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FSA fines Kensington £1.2m

The Financial Services Authority has fined Kensington Mortgage Company £1.225m for poor treatment of some customers facing mortgage arrears.

The firm has agreed to redress customers who were in arrears and charged specific unfair and/or excessive charges.  

It is estimated that the redress will cost the firm up to £1.066m.

The FSA has identified a number of serious failings by Kensington which occurred between 1 January 2007 and 31 October 2008 in relation to its mortgage arrears handling processes and in its dealings with customers in arrears.

These include:

– A fee for a returned direct debit which was charged regardless of how many times the direct debit had already been returned unpaid;

– An excessive fee for cancelled direct debits which did not reflect administrative costs;

– An early repayment charge on mortgage balances which included arrears fees and charges within that balance.

The firm also failed to take reasonable care to organise and control its affairs responsibly and effectively, and to ensure adequate risk management systems.  

Its management information focused on the performance of the firm’s mortgage book and the profitability of the business, rather than on treating customers fairly.

Kensington qualified for a 30% discount under the FSA’s settlement discount scheme.  

Without the discount the fine would have been £1.75 million.   

The FSA has also taken into account that Kensington has made significant improvements to its arrears and repossession processes since the early part of 2008.

Margaret Cole, director of enforcement and financial crime, says: “This case should serve as a strong reminder to firms dealing with retail customers, especially customers in a vulnerable position such as those with mortgage arrears, that the FSA will take robust action where it sees that customers are not treated fairly.  

“Retail firms which fail in their obligations to customers should expect not only a substantial fine but also that they will have to pay back customers who have been disadvantaged.”

In a statement today, Kensington says: “We apologise to all those customers who were impacted during this period and we are working to redress those customers affected as quickly as possible.

“This was a retrospective investigation into arrears processes and our charges were in line with the market at the time.

“However, we acknowledge that there were certain fees where it was felt that the charge did not accurately reflect the additional work and cost incurred by Kensington. We no longer charge these fees and will be writing to customers who have been affected.”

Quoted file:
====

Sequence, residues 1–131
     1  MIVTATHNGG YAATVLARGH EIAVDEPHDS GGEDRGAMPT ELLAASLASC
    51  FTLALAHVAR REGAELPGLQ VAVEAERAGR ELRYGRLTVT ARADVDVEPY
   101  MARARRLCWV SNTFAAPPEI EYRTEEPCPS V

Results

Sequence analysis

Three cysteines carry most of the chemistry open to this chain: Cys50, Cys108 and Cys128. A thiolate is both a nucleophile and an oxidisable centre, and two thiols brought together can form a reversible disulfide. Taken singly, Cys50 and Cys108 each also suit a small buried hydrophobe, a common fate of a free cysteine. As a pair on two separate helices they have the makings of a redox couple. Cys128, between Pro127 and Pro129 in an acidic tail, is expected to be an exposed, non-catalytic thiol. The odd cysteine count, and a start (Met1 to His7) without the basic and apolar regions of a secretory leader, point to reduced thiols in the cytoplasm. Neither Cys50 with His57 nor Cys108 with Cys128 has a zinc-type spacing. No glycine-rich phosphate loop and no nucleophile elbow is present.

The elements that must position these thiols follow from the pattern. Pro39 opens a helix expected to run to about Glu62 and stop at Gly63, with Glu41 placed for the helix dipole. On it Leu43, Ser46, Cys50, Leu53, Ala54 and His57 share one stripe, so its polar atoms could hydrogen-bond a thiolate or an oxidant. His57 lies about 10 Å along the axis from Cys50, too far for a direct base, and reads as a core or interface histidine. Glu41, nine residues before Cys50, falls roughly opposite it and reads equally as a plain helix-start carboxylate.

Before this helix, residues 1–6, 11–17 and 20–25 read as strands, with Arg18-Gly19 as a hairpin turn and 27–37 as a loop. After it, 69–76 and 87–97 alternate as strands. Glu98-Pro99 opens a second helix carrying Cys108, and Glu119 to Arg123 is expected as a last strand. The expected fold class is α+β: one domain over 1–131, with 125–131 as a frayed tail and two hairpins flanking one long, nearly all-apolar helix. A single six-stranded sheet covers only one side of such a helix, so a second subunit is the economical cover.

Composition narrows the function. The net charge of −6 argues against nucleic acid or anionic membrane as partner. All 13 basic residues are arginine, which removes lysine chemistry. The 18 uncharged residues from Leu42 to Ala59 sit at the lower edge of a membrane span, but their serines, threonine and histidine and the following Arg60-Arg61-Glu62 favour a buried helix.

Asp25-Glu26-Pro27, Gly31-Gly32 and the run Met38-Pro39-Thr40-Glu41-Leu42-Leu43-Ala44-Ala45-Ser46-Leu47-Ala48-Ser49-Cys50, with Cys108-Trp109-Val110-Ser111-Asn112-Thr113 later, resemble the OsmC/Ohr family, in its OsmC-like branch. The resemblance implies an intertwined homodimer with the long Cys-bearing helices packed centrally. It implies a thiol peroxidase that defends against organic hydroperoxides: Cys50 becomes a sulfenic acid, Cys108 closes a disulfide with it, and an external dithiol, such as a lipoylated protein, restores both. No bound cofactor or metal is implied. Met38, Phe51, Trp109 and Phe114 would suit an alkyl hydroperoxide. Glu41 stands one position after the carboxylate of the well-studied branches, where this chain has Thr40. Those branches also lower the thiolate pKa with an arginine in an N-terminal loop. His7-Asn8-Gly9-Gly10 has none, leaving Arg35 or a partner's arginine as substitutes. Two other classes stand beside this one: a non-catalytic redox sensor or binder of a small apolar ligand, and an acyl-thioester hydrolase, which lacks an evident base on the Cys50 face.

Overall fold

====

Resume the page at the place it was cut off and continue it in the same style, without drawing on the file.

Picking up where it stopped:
Its fees will be redressed as follows:

  • A proportion of the charge for cancellation of monthly mortgage payment by Direct Debit when in arrears.                                                         (average refund £8.75)
  • Charge for administration of more than 3 consecutive returned Direct Debits when in arrears.                                                                              (average refund £25)
  • Early Repayment Charges applied to arrears fees and charges as part of the total balance.                                                                   (average refund £37)

Kensington says it will be contacting those customers who have been affected by 31 May.

As at October 2008, Kensington had approximately £1.1bn of loans on its balance sheet and securitised assets in the region of £2.1bn.

During the Relevant Period, Kensington administered on average 39,042 regulated mortgage contracts a month with a total balance of approximately £4.6bn.

 

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  • Lee Wisener 15th April 2010 at 12:18 pm

    Do HML not service all of Kensingtons loans? Or is some serviced in house?

  • audra thorpe 12th April 2010 at 6:24 pm

    kensington would advise if a better rate could be given and would ask why the client has been placed on sub prime rate when a high street rate can be given. main reason for going with kensington was the self cert product, not having to produce accounts…..

  • Exasperated me 12th April 2010 at 2:29 pm

    I wonder how many of their ‘customers’ could have obtained a mortgage at high street rates if it weren’t for the proc fees..